To make solar power attractive, project developers have been offered many fiscal incentives, including a 10-year tax holiday for photovoltaic (PV) and thermal solar plants set up by 2020, reduced customs duty and zero excise duty on specific capital equipment, critical materials and project imports, besides loans at cheap interest rates.

Additionally, as per the Generation-Based Incentive (GBI) programme, the Government will provide financial assistance of Rs 12 per unit in case of solar photovoltaic and Rs 10 per unit in case of solar thermal power fed to the electricity grid from a grid interactive solar power plant of a capacity of 1 MW and above for a period of 10 years.

Solar equipment makers will also get several incentives as per Special Incentive Package, for setting up integrated solar manufacturing plants.

Last year itself, the government had received about 15 proposals worth over Rs 1.2 lakh crore (Rs 1.2 trillion) under the Special Incentive Package Scheme from solar and photovoltaics (PV) manufacturers.

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Image: A shopkeeper adjusts a solar panel at his shop in Gosaba.
Photographs: Jayanta Shaw/Reuters
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Solar power: India Inc lines up Rs 100,000-crore plans

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"There is enormous potential for off-grid PV deployment in India, based on real needs and benefits, in the areas of rural lighting and electrification, for powering irrigation pump sets, back up power generation for the expanding network of cellular towers across the country, captive power generation, urban applications and highway lighting, notes K Subramanya, chief executive of Tata BP Solar, in a recent presentation.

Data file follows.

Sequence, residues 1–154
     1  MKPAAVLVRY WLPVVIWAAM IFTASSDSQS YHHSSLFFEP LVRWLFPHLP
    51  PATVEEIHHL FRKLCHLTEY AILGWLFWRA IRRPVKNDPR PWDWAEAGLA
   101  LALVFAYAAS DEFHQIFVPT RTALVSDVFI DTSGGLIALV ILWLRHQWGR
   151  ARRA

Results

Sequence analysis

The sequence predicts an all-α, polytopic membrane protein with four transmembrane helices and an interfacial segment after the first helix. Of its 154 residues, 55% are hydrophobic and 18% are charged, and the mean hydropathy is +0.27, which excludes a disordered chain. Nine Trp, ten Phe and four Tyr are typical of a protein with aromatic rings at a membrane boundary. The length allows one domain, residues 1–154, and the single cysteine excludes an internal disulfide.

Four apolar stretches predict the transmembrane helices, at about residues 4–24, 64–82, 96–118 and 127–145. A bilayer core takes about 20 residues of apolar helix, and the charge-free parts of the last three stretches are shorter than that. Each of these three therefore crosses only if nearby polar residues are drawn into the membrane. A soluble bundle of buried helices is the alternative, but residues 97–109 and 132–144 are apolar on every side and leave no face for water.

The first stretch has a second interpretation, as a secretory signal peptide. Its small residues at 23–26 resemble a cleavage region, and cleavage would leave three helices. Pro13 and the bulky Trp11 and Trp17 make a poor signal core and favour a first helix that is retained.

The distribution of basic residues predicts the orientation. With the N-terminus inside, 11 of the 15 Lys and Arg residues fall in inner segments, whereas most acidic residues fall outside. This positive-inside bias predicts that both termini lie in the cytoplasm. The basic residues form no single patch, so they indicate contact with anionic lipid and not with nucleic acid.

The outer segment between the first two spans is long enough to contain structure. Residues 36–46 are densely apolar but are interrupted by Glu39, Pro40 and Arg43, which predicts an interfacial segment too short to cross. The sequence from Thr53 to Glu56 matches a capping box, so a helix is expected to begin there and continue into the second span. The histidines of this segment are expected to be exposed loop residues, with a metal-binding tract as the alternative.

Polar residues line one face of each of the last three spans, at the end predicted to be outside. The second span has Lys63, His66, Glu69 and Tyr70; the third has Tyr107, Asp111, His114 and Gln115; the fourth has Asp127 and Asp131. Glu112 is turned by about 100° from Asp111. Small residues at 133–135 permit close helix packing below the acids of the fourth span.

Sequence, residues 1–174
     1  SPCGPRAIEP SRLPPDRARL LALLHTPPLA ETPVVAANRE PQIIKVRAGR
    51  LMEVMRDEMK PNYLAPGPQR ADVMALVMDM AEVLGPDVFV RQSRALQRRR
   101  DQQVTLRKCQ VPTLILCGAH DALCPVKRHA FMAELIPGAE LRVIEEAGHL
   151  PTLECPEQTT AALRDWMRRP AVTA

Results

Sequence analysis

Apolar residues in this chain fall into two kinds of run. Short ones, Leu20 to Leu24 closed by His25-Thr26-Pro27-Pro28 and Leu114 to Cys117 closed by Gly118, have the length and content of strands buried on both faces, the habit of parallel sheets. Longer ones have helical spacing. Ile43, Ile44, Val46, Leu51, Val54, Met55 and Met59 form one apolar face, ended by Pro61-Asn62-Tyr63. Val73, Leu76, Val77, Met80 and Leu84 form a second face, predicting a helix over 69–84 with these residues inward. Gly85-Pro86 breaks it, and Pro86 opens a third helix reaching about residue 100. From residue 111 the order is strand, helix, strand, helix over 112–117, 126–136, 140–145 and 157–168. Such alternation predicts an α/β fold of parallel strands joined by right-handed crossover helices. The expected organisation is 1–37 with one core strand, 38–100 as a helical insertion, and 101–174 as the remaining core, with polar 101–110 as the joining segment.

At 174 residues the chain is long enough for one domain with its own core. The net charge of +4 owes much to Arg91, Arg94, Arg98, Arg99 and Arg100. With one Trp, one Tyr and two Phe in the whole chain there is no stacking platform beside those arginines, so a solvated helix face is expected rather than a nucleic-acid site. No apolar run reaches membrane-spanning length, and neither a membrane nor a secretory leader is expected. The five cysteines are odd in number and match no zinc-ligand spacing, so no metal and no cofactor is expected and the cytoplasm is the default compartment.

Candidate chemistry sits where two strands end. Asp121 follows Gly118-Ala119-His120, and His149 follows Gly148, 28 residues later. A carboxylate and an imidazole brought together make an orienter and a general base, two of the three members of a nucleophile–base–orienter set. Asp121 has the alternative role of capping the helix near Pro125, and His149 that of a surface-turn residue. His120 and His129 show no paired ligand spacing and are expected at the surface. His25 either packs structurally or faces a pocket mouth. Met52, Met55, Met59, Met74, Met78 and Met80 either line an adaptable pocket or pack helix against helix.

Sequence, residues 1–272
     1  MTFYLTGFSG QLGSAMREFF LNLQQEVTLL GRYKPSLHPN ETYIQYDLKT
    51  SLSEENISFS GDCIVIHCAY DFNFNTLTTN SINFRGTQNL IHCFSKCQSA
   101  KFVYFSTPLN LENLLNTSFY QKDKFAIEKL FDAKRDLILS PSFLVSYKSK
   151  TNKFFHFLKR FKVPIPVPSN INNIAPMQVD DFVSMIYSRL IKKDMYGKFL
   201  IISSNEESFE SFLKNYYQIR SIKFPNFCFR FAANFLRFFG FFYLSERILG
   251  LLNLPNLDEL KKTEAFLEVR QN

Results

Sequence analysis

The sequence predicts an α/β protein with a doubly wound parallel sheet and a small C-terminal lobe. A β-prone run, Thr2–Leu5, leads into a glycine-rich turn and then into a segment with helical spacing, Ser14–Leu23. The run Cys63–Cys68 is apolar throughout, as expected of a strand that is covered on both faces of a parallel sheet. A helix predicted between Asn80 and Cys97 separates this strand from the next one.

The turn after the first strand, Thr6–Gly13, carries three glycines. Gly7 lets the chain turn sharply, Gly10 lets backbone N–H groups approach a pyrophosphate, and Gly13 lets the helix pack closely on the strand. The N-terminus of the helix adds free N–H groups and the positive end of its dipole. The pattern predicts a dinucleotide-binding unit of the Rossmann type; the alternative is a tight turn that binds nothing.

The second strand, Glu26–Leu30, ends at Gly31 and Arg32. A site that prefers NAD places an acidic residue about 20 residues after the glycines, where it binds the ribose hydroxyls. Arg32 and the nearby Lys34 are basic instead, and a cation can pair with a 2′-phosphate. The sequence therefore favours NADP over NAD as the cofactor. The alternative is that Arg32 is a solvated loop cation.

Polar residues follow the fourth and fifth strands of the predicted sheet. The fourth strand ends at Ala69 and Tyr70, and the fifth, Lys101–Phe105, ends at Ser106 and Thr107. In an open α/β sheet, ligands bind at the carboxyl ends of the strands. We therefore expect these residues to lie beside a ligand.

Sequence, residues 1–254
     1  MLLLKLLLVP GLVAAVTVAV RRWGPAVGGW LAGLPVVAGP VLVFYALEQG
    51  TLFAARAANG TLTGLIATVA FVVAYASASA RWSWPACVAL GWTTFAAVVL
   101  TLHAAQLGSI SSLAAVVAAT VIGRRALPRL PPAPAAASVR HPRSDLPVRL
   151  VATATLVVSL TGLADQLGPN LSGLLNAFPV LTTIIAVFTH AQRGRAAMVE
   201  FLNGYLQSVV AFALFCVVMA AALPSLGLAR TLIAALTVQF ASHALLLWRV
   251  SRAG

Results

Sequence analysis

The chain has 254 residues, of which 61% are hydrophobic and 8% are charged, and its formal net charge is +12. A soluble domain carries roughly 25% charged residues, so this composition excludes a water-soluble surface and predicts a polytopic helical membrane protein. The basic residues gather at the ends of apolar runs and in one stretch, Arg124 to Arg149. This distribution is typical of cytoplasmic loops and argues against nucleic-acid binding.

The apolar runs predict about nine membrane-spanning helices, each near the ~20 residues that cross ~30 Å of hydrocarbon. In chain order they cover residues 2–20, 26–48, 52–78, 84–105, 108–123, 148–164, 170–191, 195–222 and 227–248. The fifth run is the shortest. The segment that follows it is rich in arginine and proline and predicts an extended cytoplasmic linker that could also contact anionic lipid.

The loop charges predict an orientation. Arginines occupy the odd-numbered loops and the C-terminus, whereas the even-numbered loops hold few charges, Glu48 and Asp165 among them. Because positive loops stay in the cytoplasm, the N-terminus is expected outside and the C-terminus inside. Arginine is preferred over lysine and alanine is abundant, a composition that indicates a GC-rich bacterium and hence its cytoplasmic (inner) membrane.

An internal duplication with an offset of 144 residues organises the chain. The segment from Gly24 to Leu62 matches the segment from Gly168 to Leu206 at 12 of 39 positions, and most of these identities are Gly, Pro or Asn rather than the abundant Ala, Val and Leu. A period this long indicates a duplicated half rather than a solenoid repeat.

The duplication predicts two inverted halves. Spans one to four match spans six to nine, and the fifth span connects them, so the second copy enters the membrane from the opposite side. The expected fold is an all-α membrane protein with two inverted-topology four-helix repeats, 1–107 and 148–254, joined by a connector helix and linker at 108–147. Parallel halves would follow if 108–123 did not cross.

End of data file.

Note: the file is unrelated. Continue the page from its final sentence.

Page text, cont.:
But amidst the optimism, there are concerns in some quarters on the viability of solar power as a business in the country.

Solar energy itself is in a nascent stage in India, with less than 10 mw of installed capacity. India has a total installed generation capacity of almost 160,000 Mw.

In addition to costs, and land acquisition challenges, manpower and technology capabilities are also areas of concerns.

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Image: A solar-powered street light.

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Moser Baer to commission 2nd solar farm

Moser Baer Photo Voltaic, a wholly owned subsidiary of the global technology company Moser Baer, plans to commission its second solar farm in the country in the next quarter. The 5-Mw farm will be set up in Tamil Nadu, with an investment of around $20 million (Rs 90 crore) and a farm of similar capacity will be set up in Rajasthan after that.

Recently, the company commissioned its largest Thin Film solar farm with an installed capacity of 1 Mw at Chandrapur in Maharashtra. This project was awarded by Mahagenco, a government of Maharashtra power generation company, and Moser Baer signed a consortium agreement with Germany-based SunEnergy Europe for this project. The farm has been set up using amorphous silicon thin film technology and is connected to the 33 KVA local grid.

"The government has announced its solar mission and we are setting up these grid connected solar farms as part of this. We started with a 1-Mw farm but in future, the capacities will be between 5 Mw and 15 Mw," said Yogesh B Mathur, CFO, Moser Baer. However, the company has not collaborated with any foreign partner for the Tamil Nadu plant.


Image: Solar panel.